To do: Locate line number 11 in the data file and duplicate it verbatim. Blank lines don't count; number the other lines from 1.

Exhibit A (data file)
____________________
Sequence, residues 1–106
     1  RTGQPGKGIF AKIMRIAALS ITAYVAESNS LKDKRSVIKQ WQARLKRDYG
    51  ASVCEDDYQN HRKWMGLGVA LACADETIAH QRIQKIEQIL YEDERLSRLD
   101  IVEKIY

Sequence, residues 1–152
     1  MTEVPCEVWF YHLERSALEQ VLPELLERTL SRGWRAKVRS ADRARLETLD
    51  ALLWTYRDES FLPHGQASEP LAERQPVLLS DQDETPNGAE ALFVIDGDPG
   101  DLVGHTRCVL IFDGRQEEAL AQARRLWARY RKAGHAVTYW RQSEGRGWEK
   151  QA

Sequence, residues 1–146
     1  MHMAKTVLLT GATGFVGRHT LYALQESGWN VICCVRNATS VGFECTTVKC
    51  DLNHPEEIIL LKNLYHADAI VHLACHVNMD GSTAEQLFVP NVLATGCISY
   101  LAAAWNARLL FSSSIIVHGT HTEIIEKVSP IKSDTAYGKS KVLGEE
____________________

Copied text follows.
     1  MHMAKTVLLT GATGFVGRHT LYALQESGWN VICCVRNATS VGFECTTVKC